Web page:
The evil collector does eventually capture Celebi in a Dark Ball, and forces it to build a stories-high monster made of trees and branches. The Celebi monster takes out a lot of the forest, and Ash and Sammy must work together to convince Celebi that friendship is better than evil. They are aided by another nature Pokémon called Suicune who exists for no discernible reason in this film.
Celebi does call off its attack, but is injured. Other Celebi from all different times appear in a big time rift and heal it. Sammy is returned to his own time in the past, where we learn that his full name is Samuel Oak, and he will grow up to be a Pokémon expert, and, get this, a mentor to Ash. Twist! Zing! Wow! Irrelevant!
This is the shortest of the Pokémon films at only 79 minutes. The beauty of the forest painting are offset by the weirdness of the monsters running around in it. However, the series’ overall message of ecology has been firmly laid. We’ll see it again.
If you get this film on video, watch it with the commentary track on. It’s fascinating to hear adults talk about Pokémon in an interested and intelligent way.
Pokémon Heroes (2003)
Haigney has left the building, and this film was taken over by Jim Malone.
Can you believe that the “Pokémon” films are only getting better?
The Story: Ash, Misty and Brock are now in a city that resembles Venice, complete with canals. While the Pokémon franchise has been withering, the production values of the films seem to be increasing. By the fifth film, we now have a rich and atmospheric enterprise, with believable cities and halcyon gardens.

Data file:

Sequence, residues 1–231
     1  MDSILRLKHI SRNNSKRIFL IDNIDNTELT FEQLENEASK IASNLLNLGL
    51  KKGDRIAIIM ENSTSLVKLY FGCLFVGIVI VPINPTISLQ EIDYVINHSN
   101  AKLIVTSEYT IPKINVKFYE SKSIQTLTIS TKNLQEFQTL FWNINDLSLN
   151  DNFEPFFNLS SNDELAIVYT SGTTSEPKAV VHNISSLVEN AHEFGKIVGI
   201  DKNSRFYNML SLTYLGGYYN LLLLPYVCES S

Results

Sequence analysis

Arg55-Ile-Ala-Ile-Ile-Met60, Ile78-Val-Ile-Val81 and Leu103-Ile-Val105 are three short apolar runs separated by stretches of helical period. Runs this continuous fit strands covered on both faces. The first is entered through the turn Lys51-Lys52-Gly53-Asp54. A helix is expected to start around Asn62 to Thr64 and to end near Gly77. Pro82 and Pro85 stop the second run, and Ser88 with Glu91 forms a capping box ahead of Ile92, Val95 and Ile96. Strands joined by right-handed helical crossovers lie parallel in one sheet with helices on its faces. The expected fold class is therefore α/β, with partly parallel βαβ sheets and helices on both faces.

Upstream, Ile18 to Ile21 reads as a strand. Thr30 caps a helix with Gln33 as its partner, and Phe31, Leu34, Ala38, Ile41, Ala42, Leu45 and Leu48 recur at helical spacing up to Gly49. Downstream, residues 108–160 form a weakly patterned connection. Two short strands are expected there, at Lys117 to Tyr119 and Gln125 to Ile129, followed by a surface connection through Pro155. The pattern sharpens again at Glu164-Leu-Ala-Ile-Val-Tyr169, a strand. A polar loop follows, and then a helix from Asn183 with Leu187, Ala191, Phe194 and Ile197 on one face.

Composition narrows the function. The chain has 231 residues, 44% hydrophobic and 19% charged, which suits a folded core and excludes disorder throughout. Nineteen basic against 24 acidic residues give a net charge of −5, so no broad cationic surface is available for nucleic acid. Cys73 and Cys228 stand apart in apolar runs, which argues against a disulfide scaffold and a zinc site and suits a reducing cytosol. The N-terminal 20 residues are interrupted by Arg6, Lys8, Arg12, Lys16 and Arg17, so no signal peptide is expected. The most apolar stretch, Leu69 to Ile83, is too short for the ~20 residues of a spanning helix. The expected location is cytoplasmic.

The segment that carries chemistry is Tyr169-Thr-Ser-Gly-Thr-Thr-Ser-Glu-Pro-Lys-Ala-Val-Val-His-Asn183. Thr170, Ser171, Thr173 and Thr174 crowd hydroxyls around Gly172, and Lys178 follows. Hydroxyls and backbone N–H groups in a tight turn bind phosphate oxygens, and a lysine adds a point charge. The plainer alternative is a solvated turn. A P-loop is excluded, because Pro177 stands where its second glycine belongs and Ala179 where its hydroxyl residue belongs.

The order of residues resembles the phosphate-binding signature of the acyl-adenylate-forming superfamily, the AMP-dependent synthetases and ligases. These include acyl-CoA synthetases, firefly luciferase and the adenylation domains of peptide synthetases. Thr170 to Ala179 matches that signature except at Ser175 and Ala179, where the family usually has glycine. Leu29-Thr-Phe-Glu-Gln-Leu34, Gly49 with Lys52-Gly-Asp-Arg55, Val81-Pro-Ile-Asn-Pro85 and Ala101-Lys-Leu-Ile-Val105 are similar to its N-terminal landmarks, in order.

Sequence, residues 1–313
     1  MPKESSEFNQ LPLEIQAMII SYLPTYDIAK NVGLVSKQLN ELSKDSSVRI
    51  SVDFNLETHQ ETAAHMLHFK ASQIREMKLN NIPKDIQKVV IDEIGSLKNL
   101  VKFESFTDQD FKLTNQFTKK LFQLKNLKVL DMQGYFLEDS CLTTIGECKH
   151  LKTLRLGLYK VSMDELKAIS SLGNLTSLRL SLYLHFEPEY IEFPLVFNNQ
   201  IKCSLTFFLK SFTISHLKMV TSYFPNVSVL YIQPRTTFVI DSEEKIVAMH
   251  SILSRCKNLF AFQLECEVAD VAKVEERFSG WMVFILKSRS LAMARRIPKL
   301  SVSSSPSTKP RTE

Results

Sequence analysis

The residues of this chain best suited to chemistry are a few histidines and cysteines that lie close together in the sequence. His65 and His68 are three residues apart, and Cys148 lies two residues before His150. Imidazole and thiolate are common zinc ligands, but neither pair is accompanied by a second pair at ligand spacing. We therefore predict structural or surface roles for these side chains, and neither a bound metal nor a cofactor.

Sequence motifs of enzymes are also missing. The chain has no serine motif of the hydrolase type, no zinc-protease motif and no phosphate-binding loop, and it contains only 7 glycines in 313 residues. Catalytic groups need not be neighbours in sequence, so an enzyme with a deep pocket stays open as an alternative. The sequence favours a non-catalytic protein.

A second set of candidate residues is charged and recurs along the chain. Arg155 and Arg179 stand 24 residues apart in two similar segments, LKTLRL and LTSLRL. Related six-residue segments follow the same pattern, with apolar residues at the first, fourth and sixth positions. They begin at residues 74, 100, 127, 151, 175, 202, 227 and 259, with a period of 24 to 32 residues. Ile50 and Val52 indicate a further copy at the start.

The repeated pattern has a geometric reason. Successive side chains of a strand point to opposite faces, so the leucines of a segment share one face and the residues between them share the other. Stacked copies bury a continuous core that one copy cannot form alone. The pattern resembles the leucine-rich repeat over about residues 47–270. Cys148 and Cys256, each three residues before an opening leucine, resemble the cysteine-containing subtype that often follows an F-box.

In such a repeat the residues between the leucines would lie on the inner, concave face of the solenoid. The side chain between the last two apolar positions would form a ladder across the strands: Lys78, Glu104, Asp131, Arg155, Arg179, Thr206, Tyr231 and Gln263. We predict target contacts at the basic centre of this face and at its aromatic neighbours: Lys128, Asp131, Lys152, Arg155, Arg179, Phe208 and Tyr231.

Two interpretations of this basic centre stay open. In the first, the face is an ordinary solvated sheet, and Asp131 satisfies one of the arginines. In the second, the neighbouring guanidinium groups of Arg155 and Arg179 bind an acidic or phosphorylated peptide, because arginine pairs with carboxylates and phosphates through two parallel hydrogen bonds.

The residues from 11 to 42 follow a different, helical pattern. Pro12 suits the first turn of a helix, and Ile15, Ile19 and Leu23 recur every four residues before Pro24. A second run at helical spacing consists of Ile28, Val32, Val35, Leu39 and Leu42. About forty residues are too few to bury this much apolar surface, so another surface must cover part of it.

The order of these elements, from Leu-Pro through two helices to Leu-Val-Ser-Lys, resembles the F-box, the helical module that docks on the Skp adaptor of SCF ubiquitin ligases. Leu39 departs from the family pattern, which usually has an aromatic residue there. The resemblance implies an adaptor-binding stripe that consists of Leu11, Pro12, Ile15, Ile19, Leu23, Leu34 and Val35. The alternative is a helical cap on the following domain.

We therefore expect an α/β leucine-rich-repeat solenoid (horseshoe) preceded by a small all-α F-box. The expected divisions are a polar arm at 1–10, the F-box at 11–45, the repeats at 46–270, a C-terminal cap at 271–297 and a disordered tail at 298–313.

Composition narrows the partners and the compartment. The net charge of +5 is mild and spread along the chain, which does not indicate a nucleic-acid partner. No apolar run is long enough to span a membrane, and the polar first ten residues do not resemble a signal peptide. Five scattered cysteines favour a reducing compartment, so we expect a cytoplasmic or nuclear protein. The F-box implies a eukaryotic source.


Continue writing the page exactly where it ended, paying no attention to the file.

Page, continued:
The story is, however, still weird as hell. Evidently there are two invisible Pokémon flying about Venice, who only appear for moments at a time. Ash manages to follow them to a secret garden, where he meets a young lady who is their protector. The Pokémon are Latias and Latios, and… well, as you can predict, they have a special power and are coveted by an evil Pokémon collector. Their power? They can far-see like in “Beastmaster.” The evil collector? An evil pair of Team Rocket named Annie and Oakley.
Jesse and James? Annie and Oakley? Butch and Cassidy?
The machine that Annie and Oakley use to track down the invisible Pokémon is actually an ancient Da Vinci-like device, and it looks pretty cool. They take over the Pokémon’s minds for a short while, but are quickly foiled.
Despite the over use of pop-hit-scored montages, I like “Pokémon Heroes.” Once again, the characters don’t really grow, and there are no real moral lessons, but, like I said, it’s atmospheric, and thankfully intimate. No end-of-the-world scenarios here; just people doing bad things on a personal level. I think I prefer the villains in my children’s entertainment to have small ambitions. It’s hard for a kid to understand why world domination is necessarily a bad thing, seeing as most kids are selfish little buggers. Better to show the immediate impact of a villain’s action on the heroes.
Pokémon: Jirachi: Wishmker (2004)
Directed, now, by Eric Stuart.
This is the first straight-to-video “Pokémon” movie, but the production values are still increasing. At this point, the third generation of Pokémon have been introduced, meaning 150 more Pokémon. Also, Misty has been replaced by a girl named May, but is played by the same voice actress. We also have May’s little brother Max (Amy Birnbaum), a nerdy little know-it-all who is only slightly less annoying than Spritle Racer.